classification
Title: mmap() dumps core upon resizing the underlying file
Type: crash Stage: needs patch
Components: IO Versions: Python 3.10, Python 3.9, Python 3.8
process
Status: open Resolution:
Dependencies: Superseder:
Assigned To: Nosy List: Vladimir.Ushakov, christian.heimes, jcea, neologix, pitrou
Priority: normal Keywords:

Created on 2012-10-12 14:04 by Vladimir.Ushakov, last changed 2020-11-06 16:38 by vstinner.

Messages (21)
msg172745 - (view) Author: Vladimir Ushakov (Vladimir.Ushakov) Date: 2012-10-12 14:04
The following code crashes the interpreter on Linux:

#!/usr/bin/python3

import mmap

with open('test', 'wb') as f:
    f.write(bytes(1))

with open('test', 'r+b') as f:
    m = mmap.mmap(f.fileno(), 0)
    f.truncate()
    a = m[:]

---

It's not specific to the zero size truncation, it's enough if the file size decreases beyond a page border.
msg172746 - (view) Author: Christian Heimes (christian.heimes) * (Python committer) Date: 2012-10-12 14:13
I'm able to reproduce the bug. Here is a stack trace:

#0  0x00000000005a650d in PyBytes_FromStringAndSize (str=0x7f44c127a000 <Address 0x7f44c127a000 out of bounds>, size=1)
    at Objects/bytesobject.c:82
82              (op = characters[*str & UCHAR_MAX]) != NULL)
(gdb) bt
#0  0x00000000005a650d in PyBytes_FromStringAndSize (str=0x7f44c127a000 <Address 0x7f44c127a000 out of bounds>, size=1)
    at Objects/bytesobject.c:82
#1  0x00007f44bf7c11b2 in mmap_subscript (self=0x7f44bf9ca350, item=<slice at remote 0x7f44c1168618>)
    at /home/heimes/dev/python/cpython/Modules/mmapmodule.c:799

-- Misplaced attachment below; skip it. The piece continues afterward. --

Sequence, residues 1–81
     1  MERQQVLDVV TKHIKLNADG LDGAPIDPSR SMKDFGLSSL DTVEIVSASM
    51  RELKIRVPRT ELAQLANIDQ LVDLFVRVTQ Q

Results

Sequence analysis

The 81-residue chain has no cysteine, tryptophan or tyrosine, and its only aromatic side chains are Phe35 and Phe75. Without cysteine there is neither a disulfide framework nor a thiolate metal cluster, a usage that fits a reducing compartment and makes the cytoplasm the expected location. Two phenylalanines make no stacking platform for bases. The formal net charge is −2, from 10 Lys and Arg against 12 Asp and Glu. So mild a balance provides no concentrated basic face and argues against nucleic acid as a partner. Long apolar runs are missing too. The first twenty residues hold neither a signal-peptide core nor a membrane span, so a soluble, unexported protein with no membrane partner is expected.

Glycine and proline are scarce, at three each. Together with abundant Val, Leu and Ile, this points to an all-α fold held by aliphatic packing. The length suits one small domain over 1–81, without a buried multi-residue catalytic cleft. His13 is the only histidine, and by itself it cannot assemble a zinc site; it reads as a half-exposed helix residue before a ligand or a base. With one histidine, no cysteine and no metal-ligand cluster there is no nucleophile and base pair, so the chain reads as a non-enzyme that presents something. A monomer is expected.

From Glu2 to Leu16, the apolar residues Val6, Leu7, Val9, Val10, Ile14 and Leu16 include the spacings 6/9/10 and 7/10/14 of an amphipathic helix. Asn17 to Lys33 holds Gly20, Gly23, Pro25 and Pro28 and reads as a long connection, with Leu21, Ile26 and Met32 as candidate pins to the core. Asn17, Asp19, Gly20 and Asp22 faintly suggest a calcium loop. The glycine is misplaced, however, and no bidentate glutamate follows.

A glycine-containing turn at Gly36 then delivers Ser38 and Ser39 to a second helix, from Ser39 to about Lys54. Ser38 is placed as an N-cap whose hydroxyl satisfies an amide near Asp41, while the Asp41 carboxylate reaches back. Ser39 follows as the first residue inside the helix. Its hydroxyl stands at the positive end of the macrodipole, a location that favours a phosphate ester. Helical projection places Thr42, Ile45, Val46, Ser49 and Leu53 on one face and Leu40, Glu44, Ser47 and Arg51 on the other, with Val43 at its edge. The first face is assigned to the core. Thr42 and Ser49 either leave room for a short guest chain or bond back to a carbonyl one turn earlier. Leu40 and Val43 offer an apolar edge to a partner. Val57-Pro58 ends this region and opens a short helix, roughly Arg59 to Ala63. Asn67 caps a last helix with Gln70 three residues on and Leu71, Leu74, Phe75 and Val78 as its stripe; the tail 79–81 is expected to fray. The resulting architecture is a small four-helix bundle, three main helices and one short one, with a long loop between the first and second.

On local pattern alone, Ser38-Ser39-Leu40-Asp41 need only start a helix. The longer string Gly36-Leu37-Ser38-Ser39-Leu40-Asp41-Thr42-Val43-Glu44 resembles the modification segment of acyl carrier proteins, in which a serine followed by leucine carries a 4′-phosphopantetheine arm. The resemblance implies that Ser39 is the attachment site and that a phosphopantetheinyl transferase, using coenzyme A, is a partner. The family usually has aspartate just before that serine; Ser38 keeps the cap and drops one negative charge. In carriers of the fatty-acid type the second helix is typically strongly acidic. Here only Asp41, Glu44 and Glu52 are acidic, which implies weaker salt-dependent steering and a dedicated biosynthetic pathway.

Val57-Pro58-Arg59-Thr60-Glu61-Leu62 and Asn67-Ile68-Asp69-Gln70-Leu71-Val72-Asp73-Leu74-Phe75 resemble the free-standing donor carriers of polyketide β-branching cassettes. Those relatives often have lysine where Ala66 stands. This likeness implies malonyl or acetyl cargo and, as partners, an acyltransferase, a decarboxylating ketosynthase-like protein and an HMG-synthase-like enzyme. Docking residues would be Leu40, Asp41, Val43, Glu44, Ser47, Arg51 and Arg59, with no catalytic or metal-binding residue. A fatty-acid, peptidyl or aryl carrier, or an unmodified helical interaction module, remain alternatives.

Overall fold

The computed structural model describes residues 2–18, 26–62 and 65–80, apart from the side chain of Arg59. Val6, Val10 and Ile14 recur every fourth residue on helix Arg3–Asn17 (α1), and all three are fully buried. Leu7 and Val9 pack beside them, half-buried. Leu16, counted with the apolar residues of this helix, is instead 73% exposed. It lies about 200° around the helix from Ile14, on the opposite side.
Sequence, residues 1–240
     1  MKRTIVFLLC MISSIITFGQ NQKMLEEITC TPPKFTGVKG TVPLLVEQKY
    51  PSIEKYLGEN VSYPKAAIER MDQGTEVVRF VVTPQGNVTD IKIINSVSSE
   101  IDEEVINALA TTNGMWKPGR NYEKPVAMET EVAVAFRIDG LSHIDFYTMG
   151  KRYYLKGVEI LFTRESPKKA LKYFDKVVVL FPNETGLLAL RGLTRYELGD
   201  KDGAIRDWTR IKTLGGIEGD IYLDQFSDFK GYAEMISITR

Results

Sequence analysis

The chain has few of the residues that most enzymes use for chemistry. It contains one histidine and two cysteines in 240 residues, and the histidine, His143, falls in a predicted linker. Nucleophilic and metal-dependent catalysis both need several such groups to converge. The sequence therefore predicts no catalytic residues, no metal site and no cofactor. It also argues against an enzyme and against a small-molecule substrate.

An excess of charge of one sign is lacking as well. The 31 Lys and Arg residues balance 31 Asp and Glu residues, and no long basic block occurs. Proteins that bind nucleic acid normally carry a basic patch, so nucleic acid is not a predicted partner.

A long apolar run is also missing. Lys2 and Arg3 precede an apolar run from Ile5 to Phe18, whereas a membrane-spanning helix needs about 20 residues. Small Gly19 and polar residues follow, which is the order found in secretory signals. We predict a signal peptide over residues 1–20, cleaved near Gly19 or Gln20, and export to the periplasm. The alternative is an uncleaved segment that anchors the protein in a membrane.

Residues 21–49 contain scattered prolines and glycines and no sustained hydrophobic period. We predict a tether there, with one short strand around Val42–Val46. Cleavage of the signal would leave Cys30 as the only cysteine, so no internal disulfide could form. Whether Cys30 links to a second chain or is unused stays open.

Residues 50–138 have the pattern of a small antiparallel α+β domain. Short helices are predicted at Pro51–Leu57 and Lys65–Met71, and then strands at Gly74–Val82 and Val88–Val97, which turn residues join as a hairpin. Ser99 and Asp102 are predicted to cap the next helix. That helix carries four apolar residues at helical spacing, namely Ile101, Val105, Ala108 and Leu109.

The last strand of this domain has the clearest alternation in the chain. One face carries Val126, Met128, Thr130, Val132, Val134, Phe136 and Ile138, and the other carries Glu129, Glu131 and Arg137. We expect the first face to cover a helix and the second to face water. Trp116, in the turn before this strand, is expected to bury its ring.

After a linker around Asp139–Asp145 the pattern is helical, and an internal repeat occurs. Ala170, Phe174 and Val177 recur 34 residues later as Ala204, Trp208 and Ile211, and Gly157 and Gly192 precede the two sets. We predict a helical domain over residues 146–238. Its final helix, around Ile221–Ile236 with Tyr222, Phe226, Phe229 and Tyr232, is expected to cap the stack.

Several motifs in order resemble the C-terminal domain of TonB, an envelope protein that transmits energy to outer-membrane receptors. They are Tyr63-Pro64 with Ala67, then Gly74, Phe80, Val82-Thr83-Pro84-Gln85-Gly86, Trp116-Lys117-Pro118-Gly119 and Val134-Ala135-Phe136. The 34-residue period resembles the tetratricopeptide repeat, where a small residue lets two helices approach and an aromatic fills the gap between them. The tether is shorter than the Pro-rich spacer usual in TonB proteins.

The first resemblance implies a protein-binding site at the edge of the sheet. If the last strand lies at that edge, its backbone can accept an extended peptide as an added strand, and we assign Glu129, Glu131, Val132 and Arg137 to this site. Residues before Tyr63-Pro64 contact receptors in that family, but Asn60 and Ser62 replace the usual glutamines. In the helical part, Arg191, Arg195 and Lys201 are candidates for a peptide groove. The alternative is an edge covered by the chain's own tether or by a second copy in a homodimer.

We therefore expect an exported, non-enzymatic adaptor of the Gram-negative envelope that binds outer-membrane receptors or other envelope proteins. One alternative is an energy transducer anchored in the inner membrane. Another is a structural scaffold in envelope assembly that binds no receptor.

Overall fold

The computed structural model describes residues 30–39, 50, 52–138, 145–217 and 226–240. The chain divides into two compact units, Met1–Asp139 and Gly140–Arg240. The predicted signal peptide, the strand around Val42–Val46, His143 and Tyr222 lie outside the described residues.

#2  0x0000000000590863 in PyObject_GetItem (o=<mmap.mmap at remote 0x7f44bf9ca350>, key=<slice at remote 0x7f44c1168618>)
    at Objects/abstract.c:143
msg172759 - (view) Author: Charles-François Natali (neologix) * (Python committer) Date: 2012-10-12 16:30
That's normal.
You're truncating the file after having it mapped, so touching the pages corresponding to the truncated part of the file will result in a segfault.
See mmap's man page:
"""
       Use of a mapped region can result in these signals:

       SIGBUS Attempted access to a portion of the buffer that does not correspond to
              the file (for example, beyond the end of the file, including the case
              where another process has truncated the file).
"""

The only way to guard against it would be to call fstat() in every buffer-protocol method in case of file-backed mapping to check against the current file size, but that would be awfully slow in case of sequential access (just imagine performing an md5sum of an mmap-ed file).
msg172760 - (view) Author: Christian Heimes (christian.heimes) * (Python committer) Date: 2012-10-12 16:33
The fstat() check isn't bullet proof, too. It has a race condition as another process could truncate the file between the fstat() check and the code lines that access the mmapped file.
msg172761 - (view) Author: Charles-François Natali (neologix) * (Python committer) Date: 2012-10-12 16:42
No, it's not.
That's why I think there's nothing that can be done.
msg172765 - (view) Author: Vladimir Ushakov (Vladimir.Ushakov) Date: 2012-10-12 18:00
I think, handling the signal would do.
msg172782 - (view) Author: Charles-François Natali (neologix) * (Python committer) Date: 2012-10-12 21:19
> I think, handling the signal would do.

You can't.
Handling a signal like SIGSEGV or SIGBUS in any other way that exiting
the process will result in an infinite loop (as soon as the signal
handler returns the faulty instruction will be re-executed). Well,
there are some higly non-portable ways to try to escape this (see